How to Overcome that Wedding Debt

by datingleon

Most brides have dreamt about their wedding day since they were tiny tots and forfeit nothing when it comes to organizing the special celebration.

Pre-wedding expenses, such as wedding invitations, the wedding gown – including garter and accessories, engagement and wedding rings, and bucks and hens nights are only followed by wedding ceremony expenses, wedding reception expenses and post-wedding expenses. To consider site rental, decorations, photographer, entertainment, food and drinks, gifts, wedding cards and the honeymoon is an incredibly overwhelming experience.

The cost of a wedding can range from $10,000 to a soaring $80,000, with the main varying factors being number of guests and whether or not the newlyweds enjoy a honeymoon soon after the wedding. While traditionally, the bride’s parents would cover the majority of the costs for the engagement and wedding, these days couples are more likely to take expenses into their own hands. For this reason, it’s too easy to bring out the credit card with the idea that the happy couple can worry about paying it off later. However, when ‘later’ arrives, post wedding and post honeymoon, it is a nasty shock to deal with an accumulated debt, especially if interest is tacked on top.

Balance transfer credit cards are a convenient way to reduce credit card debt as it is easy to consolidate multiple credit card debts on them. Most balance transfer credit cards only allow balances to be transferred with application, making it an easy and straightforward process that puts a stop to your debt building up over many months.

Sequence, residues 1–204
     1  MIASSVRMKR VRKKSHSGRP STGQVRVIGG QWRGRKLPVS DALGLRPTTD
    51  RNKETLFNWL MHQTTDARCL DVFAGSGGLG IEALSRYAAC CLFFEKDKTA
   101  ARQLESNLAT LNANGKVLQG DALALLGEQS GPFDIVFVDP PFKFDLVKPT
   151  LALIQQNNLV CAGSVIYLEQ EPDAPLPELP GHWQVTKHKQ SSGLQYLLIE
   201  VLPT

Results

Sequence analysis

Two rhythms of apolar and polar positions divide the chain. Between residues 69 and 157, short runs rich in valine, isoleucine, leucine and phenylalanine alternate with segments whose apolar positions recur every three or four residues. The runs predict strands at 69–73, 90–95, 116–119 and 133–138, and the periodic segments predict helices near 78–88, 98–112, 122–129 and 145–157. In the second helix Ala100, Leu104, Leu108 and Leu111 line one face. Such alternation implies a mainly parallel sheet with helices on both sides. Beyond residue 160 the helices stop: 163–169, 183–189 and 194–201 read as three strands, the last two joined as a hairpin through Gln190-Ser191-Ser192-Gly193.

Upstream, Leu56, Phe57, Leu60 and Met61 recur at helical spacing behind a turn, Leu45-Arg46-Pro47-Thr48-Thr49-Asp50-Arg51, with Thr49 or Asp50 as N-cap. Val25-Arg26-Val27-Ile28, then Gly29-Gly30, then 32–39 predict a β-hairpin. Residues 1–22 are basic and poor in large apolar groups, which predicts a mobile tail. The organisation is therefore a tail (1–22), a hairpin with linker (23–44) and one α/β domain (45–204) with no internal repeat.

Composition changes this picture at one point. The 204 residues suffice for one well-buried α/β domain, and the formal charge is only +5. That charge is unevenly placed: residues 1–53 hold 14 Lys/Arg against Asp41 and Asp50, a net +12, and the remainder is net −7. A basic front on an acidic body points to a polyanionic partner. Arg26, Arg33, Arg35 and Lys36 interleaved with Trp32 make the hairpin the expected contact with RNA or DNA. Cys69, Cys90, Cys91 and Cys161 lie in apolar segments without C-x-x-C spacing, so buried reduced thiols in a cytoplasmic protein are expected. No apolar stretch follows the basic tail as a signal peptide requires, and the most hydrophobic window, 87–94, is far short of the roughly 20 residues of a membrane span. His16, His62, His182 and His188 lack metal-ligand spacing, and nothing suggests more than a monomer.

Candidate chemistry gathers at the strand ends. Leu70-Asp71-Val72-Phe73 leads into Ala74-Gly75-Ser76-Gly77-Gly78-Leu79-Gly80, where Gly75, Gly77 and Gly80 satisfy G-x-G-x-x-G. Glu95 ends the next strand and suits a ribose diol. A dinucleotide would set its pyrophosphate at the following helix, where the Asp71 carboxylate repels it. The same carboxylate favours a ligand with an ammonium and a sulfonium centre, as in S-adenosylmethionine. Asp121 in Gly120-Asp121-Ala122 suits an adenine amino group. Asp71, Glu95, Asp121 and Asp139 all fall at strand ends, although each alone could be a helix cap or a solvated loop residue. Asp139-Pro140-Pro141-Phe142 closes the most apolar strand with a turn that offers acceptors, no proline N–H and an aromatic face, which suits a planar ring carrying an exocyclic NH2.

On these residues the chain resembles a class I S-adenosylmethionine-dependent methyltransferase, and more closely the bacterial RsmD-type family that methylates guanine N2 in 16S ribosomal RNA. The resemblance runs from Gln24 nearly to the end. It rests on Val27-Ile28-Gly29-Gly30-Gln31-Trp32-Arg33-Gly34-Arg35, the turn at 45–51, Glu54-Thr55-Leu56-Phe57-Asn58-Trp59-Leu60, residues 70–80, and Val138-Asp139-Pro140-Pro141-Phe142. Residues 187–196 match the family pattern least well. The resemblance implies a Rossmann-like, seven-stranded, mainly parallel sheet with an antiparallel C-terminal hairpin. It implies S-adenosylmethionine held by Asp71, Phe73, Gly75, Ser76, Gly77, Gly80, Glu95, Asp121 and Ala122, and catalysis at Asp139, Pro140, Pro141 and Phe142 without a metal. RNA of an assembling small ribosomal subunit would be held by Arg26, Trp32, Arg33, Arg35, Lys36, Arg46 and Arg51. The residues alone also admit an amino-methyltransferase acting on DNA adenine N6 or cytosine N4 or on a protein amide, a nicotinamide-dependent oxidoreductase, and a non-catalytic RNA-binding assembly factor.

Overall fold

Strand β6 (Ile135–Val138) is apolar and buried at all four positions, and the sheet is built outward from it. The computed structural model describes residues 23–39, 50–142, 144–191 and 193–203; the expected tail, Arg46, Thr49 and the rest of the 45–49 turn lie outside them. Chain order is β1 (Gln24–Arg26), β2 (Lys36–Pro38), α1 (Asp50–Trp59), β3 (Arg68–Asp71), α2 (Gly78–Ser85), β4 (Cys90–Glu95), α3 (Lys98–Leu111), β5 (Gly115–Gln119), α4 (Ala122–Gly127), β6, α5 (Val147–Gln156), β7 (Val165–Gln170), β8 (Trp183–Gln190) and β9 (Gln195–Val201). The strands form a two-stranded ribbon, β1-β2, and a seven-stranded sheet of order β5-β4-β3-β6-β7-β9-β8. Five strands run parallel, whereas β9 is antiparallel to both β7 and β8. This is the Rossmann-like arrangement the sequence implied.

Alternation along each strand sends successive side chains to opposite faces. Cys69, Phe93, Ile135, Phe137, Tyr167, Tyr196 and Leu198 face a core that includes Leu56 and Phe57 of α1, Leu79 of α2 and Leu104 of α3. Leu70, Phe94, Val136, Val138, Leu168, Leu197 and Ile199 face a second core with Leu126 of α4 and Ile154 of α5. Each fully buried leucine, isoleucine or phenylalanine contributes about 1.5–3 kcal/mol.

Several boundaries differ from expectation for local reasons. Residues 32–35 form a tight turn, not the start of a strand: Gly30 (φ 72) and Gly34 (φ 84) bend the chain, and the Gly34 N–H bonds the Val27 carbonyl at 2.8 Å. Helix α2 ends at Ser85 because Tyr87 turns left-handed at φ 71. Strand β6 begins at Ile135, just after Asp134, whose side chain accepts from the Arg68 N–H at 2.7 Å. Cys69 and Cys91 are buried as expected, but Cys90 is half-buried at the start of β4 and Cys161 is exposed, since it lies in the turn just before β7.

Newlyweds, in particular, would want nothing more than putting credit card debt behind them in order to be able to enjoy married life, whether it is in a new house or an old one, whether they are keen to start a family or not. Balance transfer cards can be a very useful means to credit card users who are dedicated to spending a small period time reducing their credit card debt.

Some balance transfer cards offer a lower than usual rate for an extended period of time and others provide an interest-free period for transferred balances that can last as long as 6 months. For someone who was going to pay a $15,000 debt off in a year, they would need to be making payments of approximately $1300 a month. With a 17.99% interest rate, that person is paying an extra $1,700 in interest. At a balance transfer rate of 2.99% for 12 months, the total interest paid by that person is reduced to $341 saving them a huge $1,360!

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